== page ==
BMX parks and bike skills parks are awesome, but we don’t always have time to get to them. By adding some bike ramps to your driveway, a manual machine to your patio, or a full-fledged pump track to your backyard, there are lots of ways to sneak in a little bike skills practice.
In this post, we’ve compiled lots of ideas to make your at-home “bike park” rad. Some of these are cheap and easy, some are major commitments. Likewise, we’ve tried to include a mix of commercial options, as well as DIY projects.
Soak up some inspiration, grab your kids, and go get started!
Don’t have time time or inclination to build ramps? These ready-made options are professionally designed and sure to please.
Sender Ramps have all kinds of rad ramps–straight and curved and rolling, tiny and huge. Whatever you’re looking for, they have it. And it’s probably WAY nicer than anything you could have built yourself.
Learn More: https://sender-ramps.com/
These are well-made wooden BMX ramps that the whole family will have fun with. Their quarter-pipe ramps feature wheels on the back – making the ramp easy to push around the street, garage, or side yard.
Learn More: https://www.ocramps.com/bmx-ramps/
Ten Eighty Launch Ramp
This is cheap, fun, beginner ramp. Kids of all ages will enjoy this ramp. It’s easy to pull out and put away, and works just as well with skateboards and scooters as it does with bikes.
Learn More: https://amzn.to/3aqMfT4*
Freshpark Bike Ramps
We like the Freshpark bike ramps because unlike their wooden counterparts, these powder-coated steel ramps are weatherproof. They also fold up so you can store them away for the winter more easily.
The pieces are designed to mix and match so you can even create a full pump track with the rollers.
The Landwave ramps are generally marketed for skateboarding, but work well for bikes too. You can connect them in multiple ways, and they do a good job of staying connected. Best of all they are relatively affordable.
Learn More: https://amzn.to/3cR3fUo*
Commercial Manual Machines
Manual machines are a great way for kids to learn to manual, as well as burn off some energy. They are relatively easy to build, but if you want a more polished version, you can buy one ready-made.
Sender Pro Core Manual Machine
The Sender manual machine is the creme-de-le-creme of manual machines. Set it up in the backyard for some skills practice, or even in the living room.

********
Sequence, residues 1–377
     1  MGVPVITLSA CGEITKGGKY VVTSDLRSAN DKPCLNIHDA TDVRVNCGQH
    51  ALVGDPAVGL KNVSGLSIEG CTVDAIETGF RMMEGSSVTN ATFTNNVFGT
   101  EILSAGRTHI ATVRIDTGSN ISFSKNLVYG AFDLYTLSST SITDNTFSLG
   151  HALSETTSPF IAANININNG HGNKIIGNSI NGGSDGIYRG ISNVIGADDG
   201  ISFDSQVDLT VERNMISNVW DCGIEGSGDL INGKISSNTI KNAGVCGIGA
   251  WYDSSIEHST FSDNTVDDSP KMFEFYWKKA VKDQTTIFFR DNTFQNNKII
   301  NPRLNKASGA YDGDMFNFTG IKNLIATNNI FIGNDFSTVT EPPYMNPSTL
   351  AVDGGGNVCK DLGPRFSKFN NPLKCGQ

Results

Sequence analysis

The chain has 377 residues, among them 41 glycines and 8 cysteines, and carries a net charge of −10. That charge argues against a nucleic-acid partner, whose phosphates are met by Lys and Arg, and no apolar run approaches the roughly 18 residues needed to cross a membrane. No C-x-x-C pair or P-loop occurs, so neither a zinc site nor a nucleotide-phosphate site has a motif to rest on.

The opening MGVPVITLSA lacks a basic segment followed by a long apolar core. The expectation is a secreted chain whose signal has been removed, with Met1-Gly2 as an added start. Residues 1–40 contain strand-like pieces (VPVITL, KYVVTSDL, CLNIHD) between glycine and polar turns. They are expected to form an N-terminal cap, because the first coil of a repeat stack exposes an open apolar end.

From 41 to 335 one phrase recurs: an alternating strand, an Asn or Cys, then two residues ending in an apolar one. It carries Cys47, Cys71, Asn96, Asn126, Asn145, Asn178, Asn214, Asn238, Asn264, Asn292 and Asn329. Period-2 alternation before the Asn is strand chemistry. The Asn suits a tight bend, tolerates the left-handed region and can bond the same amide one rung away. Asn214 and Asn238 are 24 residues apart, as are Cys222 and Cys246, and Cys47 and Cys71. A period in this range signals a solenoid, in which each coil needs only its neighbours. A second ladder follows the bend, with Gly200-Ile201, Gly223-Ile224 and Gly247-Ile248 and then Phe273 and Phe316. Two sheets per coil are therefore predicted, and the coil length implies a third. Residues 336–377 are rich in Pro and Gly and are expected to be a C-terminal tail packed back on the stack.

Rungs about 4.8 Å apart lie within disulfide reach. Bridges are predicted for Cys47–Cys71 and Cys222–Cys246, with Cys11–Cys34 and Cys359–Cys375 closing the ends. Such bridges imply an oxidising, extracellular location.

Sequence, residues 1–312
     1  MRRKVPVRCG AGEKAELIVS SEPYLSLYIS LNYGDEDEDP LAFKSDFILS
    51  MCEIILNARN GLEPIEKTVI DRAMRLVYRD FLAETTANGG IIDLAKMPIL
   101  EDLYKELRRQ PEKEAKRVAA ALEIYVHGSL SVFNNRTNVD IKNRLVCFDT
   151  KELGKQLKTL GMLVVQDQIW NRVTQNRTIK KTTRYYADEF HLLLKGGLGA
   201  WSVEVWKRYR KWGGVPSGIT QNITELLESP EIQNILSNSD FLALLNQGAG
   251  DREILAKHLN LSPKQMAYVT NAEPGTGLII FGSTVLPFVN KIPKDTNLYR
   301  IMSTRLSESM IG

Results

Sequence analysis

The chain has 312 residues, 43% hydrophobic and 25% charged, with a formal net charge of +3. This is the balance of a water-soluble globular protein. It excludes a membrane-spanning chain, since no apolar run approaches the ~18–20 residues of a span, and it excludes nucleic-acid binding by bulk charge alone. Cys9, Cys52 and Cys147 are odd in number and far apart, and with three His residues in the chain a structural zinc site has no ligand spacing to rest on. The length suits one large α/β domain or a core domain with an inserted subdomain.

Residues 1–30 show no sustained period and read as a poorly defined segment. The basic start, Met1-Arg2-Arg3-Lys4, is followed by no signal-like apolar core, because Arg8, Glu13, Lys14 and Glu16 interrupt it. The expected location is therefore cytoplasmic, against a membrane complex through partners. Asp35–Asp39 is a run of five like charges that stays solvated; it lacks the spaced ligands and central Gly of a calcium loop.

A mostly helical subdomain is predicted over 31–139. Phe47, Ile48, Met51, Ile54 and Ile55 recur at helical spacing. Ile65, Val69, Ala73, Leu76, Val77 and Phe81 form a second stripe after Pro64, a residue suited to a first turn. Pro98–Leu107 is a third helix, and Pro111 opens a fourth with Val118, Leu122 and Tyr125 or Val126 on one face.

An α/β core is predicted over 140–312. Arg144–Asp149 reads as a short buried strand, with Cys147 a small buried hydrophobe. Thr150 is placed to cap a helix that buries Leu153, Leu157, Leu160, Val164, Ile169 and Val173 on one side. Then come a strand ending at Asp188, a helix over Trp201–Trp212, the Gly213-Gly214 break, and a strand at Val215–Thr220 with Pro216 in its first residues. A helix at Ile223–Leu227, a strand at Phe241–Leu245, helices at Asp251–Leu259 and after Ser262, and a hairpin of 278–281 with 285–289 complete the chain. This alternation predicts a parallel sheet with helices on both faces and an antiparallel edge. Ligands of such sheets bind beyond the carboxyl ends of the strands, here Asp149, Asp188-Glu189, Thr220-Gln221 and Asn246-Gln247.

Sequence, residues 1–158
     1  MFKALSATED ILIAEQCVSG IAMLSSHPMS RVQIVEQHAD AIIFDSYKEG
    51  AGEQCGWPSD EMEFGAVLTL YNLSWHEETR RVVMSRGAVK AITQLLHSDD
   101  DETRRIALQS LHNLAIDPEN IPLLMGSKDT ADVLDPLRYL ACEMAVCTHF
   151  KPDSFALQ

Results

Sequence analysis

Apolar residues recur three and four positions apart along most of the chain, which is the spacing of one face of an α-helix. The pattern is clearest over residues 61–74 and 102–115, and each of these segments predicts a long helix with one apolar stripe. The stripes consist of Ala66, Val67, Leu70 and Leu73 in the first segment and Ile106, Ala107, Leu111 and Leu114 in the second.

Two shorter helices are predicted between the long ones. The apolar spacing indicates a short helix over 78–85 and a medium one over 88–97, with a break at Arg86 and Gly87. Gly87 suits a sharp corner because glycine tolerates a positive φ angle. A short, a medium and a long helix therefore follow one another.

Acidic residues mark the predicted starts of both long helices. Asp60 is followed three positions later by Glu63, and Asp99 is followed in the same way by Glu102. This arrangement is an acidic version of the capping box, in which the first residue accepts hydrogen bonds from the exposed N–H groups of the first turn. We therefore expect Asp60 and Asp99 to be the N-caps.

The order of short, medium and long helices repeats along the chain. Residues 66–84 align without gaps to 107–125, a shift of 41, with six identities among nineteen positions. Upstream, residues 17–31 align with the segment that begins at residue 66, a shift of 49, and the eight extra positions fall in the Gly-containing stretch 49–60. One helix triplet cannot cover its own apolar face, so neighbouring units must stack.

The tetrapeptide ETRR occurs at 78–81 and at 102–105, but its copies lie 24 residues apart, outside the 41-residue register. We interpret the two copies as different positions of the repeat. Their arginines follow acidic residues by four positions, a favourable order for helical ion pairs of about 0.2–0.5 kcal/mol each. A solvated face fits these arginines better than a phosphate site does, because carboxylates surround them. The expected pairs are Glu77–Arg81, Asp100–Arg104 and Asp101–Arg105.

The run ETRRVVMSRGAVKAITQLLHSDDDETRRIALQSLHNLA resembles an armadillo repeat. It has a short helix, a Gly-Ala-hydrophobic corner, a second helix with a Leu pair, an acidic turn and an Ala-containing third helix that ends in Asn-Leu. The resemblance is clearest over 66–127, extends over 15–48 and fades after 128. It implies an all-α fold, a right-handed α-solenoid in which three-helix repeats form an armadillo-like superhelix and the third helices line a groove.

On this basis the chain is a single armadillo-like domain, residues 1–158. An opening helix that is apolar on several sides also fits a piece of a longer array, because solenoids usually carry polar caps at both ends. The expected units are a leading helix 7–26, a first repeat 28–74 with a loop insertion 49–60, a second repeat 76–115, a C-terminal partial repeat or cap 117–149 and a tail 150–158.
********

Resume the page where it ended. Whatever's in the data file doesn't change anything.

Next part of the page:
Learn More: https://sender-ramps.com/
Byclex Manual Trainer
Will work with wheels as small as 20 inches, and can double as a bike stand.
Other Cool Stuff
Want to be the coolest parents on the block? Put a DD airbag in your backyard. These landing pads are designed to help you kids your kids in their gravity progression.
Learn More: https://www.ddairbags.com/
Build A DIY Bike Ramp
There are TONS of tutorials out there on how to build a bike ramp. If you have some wood, saw, screws, and a little time on your hands, there’s really no limit to what you can create.
Here are some of our favorite tutorials:
Other DIY Options
Your only limit is your imagination. Here are some great DIY at-home bike park ideas crowd-sources from the Rascal Rides community.
Build A Backyard Pump Track
If you’ve got the space (and your spouse will let you), build a pump track. Pump tracks are one of the best ways for develop skills, and having one in the backyard will let them get their 10,000 hours in.
Build A Teeter Totter
Depending on the age and skill of your child, a teeter totter can be as skinny or as wide as you would like.
Set Up An Obstacle Course With Cones
Cones can provides hours of fun. Set them up so your child can zig-zag in between them, or let them indicate the boundaries of a race course. For kids just learning to brake, you can also set them as stopping points–have them get as close to the cone as possible without running it over.
Build A Manual Trainer
Manual trainers are relatively easy to build, and let even young kids get the feel for manualing.
Here are a few good tutorials:
Create Some Skinnies
Use some 2x4s, logs, or whatever else you have laying around to practice riding skinnies, and riding up and over obstacles.